Foreign Affairs Minister Murray McCully is "enormously
relieved'' he's alive after a white-out landing in Antarctica.
The Air Force Boeing 757 was forced to circle for two hours
to burn off fuel before attempting to land in bad weather on
Monday night NZT.
Speaking about the experience today, Mr McCully said it was
"It was not a very good situation to be in,'' he said, saying
that the plane did not have enough fuel on board to make it
back to New Zealand, but weather conditions were so bad a
normal landing was not possible.
"We clearly knew that there was a capacity for this to have
quite an untidy end, and we were enormously relieved that it
"It culminated in what they call a white-out landing. After
burning out most of the fuel you get in as close as you can
with the instruments and for the last 100ft or so try and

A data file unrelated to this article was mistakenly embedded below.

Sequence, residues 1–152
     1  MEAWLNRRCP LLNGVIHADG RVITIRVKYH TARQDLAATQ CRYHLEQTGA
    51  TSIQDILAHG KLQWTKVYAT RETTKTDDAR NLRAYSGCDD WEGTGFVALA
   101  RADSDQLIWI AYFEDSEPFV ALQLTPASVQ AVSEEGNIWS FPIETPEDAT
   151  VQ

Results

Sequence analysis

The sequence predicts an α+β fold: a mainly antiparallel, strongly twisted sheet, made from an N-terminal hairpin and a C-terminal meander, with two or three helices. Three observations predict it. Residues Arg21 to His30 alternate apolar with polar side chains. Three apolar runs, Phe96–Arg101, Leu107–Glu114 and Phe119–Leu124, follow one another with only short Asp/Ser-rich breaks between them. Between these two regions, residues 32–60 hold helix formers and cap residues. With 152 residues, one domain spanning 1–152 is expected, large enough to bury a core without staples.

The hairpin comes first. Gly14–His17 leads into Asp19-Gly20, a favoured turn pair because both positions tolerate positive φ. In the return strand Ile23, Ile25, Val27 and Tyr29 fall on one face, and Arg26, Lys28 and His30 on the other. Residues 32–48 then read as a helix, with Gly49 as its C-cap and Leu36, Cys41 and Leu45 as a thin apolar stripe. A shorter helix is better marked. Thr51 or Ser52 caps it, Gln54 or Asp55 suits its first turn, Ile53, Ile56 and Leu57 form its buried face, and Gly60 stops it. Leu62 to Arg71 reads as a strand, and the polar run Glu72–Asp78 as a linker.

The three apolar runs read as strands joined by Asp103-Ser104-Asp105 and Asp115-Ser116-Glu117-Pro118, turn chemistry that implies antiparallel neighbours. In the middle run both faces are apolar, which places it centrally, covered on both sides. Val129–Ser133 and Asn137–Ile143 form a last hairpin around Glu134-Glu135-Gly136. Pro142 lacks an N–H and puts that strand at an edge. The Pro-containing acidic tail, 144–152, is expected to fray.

find a way down with the pilot using his wits, basically.''
The skills of the pilot were "tested in a very significant
"For my own part, I'm just relieved to be back, and I think
I'll go and buy a Lotto ticket,'' Mr McCully said.
The plane experienced further mechanical problems on the US
maintained airfield Pegasus from sitting on the ice for too
long, which caused some of the instruments to freeze.
Mr McCully said information given to the pilot about the
weather and landing conditions at the base "was not accurate
by the time we got down there''.
While he assured it was not a "stuff up", he said the Air
Force will examine whether the information on which the crew
made the decision to keep flying was up-to-date, or whether
the conditions in Antarctica changed more "dramatically than
anyone could reasonably have expected''.
"There will be some sort of internal inquiry I'm sure about
how one of their [Air Force] planes, with quite a lot of
people on board, was able to get into Antarctica without the
ability to get back or to land,'' he said.
The plane was carrying 117 passengers, including 94 personnel
supporting the US Antarctic Programme, 16 Antarctica New
Zealand passengers, and seven NZ Defence Force personnel, as
well as 11 crew.
- By Patrice Dougan of APNZ